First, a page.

How Do I Apprehend A Car?

Consider my neighbor’s dog, vs. my neighbor’s car.

His dog is a substance, a natural unit as Herbert McCabe would say; and the essence of his dog is the species dog. His car is not a substance; it is an accidental arrangement of substances, what McCabe would call an accidental unit. Not being a substance it can’t have a substantial form, so I presume it has the accidental form of a car.

Now, when I look at his dog, I apprehend the dog’s essence, its quiddity: it’s a dog.

When I look at his car, I apprehend a…what? Can an accidental arrangement, a heap, have an essence? I had thought not. And yet I apprehend a single thing, and what I apprehend is (or so I thought) the thing’s quiddity, which is to say its essence.

Either the terms essence and quiddity have a wider sense I was unaware of; or the concept I apprehend when I see my neighbor’s car is not a quiddity, but something else.

So what is it?

2 Responses to “How Do I Apprehend A Car?”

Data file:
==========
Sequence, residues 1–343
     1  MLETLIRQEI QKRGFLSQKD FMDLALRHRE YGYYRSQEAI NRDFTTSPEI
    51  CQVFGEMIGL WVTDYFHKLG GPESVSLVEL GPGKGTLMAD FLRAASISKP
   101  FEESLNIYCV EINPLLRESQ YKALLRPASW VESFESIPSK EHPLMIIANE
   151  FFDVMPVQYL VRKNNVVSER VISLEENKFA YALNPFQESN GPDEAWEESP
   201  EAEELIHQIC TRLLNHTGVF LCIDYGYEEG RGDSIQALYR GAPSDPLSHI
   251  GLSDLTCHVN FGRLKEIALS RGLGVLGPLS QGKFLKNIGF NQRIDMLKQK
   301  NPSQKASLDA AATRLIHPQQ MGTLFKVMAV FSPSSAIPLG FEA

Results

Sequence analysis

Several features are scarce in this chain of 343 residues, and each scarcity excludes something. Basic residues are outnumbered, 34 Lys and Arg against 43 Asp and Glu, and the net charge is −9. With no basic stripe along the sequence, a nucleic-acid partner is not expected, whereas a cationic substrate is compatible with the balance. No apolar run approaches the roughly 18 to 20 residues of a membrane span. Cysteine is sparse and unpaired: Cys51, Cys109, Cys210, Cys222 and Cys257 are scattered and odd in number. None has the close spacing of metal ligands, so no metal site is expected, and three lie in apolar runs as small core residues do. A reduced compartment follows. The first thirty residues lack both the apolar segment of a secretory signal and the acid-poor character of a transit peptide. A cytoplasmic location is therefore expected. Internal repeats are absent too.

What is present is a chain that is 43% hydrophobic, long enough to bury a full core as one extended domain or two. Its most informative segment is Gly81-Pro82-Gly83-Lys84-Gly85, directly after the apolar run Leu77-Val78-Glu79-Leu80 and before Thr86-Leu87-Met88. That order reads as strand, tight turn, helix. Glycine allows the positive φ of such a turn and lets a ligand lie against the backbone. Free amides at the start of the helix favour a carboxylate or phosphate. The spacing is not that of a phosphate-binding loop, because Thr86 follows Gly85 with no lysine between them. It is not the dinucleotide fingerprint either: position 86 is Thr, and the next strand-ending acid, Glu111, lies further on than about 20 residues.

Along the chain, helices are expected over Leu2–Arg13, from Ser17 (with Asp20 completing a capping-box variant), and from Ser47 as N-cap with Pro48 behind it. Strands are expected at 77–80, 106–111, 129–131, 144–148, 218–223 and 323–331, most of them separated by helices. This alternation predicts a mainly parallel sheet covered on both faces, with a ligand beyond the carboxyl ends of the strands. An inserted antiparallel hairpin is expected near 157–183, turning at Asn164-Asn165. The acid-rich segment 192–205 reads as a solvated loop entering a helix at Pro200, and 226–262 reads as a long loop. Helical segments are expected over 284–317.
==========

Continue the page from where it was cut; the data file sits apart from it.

1. The unity of an artifact comes from its final cause, or purpose; notice that’s an external cause, because it is given its form (it’s accidental gathering of these materials in this shape) for the sake of achieving its end – we make things to do something, and when we come on a new tool we’ve never seen, we ask, “what’s that for?” by which we will identify it in the future. As a proof of this, consider Monsters Inc, where Mikey comments to the Sullster that the reason he bought a car was to drive it, with a honk-honk and a vroom-vroom – an eloquent description of its “nature”, used analogously.

    Living things have an internal principle, a nature in the primary sense of the word.

    Looking is a form of apprehending, but of course we don’t see a quiddity except in an accidental way.

  2. Will says:

    OK, an artifact’s unity comes from its purpose: I can see that. An axe is for chopping, an car is for driving, a chair is for sitting on.

    But that doesn’t answer the question of just what it is I apprehend. Are you saying that when I see a car, I apprehend the act of driving? That doesn’t seem right.